You can debate whether cover letters are dead as much as you’d like, but that won’t change the fact that some hiring managers will continue to read them, and to those people, what you write still matters. Knowing that, it’s worth taking some time to think about what message you want to send.
And no, the message shouldn’t simply be “Hire me.” Everyone’s application can be summed up with those two words. The best examples always have a “because” attached that explains why you deserve to be hired.
In other words, if you were to distill your whole letter into one line it would be: “Hire me, because I have a ton of relevant experience,” or “Hire me, because you’re a two-person company and I know how to wear a ton of hats as things evolve,” or the ever-popular, “Hire me, because I’m incredibly excited about this position.”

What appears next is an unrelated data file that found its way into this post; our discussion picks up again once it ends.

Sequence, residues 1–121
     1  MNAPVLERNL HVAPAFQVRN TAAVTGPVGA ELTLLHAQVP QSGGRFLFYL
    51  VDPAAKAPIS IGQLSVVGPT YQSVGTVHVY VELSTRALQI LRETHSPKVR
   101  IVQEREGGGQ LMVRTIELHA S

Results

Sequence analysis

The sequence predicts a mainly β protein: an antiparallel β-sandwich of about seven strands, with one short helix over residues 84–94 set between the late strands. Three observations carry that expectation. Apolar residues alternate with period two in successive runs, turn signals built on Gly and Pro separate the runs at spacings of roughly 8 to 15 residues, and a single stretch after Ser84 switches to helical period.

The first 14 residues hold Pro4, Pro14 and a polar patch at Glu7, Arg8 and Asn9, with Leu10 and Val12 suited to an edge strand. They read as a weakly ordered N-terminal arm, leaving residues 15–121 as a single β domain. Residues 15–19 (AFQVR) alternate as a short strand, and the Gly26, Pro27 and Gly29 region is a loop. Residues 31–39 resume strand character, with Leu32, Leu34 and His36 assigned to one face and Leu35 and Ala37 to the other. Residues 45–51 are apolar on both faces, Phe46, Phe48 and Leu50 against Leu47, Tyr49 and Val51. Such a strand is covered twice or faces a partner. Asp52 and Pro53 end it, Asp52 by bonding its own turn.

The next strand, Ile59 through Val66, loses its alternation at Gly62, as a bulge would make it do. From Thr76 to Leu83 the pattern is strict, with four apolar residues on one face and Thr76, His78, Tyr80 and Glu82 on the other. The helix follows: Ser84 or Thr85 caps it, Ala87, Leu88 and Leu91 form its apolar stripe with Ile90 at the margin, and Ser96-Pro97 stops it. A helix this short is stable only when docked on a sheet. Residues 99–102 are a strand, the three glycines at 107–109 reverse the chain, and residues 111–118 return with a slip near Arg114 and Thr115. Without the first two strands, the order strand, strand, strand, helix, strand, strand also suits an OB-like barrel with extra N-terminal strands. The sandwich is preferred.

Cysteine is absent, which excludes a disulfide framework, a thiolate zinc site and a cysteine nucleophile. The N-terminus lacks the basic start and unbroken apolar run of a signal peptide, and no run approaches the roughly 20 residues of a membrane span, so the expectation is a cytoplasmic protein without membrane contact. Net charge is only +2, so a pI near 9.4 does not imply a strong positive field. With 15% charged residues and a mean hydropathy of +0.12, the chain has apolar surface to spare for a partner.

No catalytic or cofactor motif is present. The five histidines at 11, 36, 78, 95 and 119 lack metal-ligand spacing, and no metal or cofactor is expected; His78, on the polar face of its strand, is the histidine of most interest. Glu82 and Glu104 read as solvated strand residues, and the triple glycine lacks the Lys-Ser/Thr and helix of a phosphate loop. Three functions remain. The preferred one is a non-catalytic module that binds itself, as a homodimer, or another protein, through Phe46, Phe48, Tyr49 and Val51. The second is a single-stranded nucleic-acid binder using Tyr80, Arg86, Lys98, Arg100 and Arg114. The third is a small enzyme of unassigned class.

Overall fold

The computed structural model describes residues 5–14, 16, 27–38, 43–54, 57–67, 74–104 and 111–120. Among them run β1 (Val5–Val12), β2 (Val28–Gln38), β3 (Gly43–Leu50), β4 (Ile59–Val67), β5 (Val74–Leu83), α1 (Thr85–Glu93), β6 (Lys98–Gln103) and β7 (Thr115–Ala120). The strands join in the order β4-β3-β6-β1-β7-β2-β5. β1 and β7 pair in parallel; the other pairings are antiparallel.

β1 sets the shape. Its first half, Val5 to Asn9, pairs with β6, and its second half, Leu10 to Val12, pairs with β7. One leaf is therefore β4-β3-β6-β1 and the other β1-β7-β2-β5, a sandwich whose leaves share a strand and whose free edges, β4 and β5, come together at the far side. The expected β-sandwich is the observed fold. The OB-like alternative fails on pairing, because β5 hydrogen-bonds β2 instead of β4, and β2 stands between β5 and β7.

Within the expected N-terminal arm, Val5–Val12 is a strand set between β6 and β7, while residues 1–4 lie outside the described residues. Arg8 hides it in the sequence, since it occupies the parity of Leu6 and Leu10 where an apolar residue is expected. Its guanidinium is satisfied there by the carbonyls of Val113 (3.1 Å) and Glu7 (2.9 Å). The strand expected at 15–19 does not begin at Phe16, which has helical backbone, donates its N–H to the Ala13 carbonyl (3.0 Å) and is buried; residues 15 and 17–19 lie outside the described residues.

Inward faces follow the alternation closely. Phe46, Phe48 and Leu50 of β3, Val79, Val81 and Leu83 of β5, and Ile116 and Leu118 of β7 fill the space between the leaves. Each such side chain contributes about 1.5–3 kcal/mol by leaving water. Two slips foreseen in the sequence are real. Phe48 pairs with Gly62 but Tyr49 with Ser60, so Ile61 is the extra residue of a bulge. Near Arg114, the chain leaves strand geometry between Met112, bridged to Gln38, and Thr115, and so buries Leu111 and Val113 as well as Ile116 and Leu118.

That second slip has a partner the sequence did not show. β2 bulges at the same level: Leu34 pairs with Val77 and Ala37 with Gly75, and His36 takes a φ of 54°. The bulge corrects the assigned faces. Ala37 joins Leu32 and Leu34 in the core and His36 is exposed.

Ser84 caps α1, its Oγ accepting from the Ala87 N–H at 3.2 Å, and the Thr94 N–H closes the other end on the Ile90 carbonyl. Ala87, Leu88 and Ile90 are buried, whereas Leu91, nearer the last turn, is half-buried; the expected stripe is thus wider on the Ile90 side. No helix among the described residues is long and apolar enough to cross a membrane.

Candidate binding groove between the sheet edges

As you may’ve noticed, that last line isn’t quite as strong as the first two—at least not off the bat. While it shares why you’re interested, it doesn’t mention what you’d bring to the role. It only covers your passion for the position. Sure, you’re excited about the position, in love with the company, and obsessed with the industry. But while your goal may be to distinguish yourself as someone who’d go the extra mile because you genuinely care, you end up blending into a crowd of notes that read more like fan mail.
Don’t get me wrong: Enthusiasm can be a strong selling point. But you have to package it correctly so that it speaks to how you’d be a capable hire. Here’s how to reframe three of the most common (and worst) lines: